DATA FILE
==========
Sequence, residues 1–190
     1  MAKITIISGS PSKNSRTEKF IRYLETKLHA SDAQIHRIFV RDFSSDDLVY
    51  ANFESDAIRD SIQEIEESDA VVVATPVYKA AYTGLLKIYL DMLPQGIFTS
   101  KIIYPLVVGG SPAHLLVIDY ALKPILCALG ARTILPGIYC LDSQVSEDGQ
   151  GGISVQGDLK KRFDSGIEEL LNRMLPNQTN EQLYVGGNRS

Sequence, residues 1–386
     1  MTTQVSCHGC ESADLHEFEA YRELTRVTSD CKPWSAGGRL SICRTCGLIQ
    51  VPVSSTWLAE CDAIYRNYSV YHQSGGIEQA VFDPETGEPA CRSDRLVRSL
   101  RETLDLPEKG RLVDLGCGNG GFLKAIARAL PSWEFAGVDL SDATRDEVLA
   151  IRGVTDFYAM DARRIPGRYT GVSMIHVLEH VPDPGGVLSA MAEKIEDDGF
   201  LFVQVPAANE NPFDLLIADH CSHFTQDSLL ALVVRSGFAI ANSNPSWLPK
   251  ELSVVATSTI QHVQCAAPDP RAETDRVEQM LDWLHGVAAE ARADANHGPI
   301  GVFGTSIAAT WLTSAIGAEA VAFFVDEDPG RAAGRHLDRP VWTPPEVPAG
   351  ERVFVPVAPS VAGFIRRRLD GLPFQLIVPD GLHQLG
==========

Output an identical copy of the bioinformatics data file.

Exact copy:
Sequence, residues 1–190
     1  MAKITIISGS PSKNSRTEKF IRYLETKLHA SDAQIHRIFV RDFSSDDLVY
    51  ANFESDAIRD SIQEIEESDA VVVATPVYKA AYTGLLKIYL DMLPQGIFTS
   101  KIIYPLVVGG SPAHLLVIDY ALKPILCALG ARTILPGIYC LDSQVSEDGQ
   151  GGISVQGDLK KRFDSGIEEL LNRMLPNQTN EQLYVGGNRS

Sequence, residues 1–386
     1  MTTQVSCHGC ESADLHEFEA YRELTRVTSD CKPWSAGGRL SICRTCGLIQ
    51  VPVSSTWLAE CDAIYRNYSV YHQSGGIEQA VFDPETGEPA CRSDRLVRSL
   101  RETLDLPEKG RLVDLGCGNG GFLKAIARAL PSWEFAGVDL SDATRDEVLA
   151  IRGVTDFYAM DARRIPGRYT GVSMIHVLEH VPDPGGVLSA MAEKIEDDGF
   201  LFVQVPAANE NPFDLLIADH CSHFTQDSLL ALVVRSGFAI ANSNPSWLPK
   251  ELSVVATSTI QHVQCAAPDP RAETDRVEQM LDWLHGVAAE ARADANHGPI
   301  GVFGTSIAAT WLTSAIGAEA VAFFVDEDPG RAAGRHLDRP VWTPPEVPAG
   351  ERVFVPVAPS VAGFIRRRLD GLPFQLIVPD GLHQLG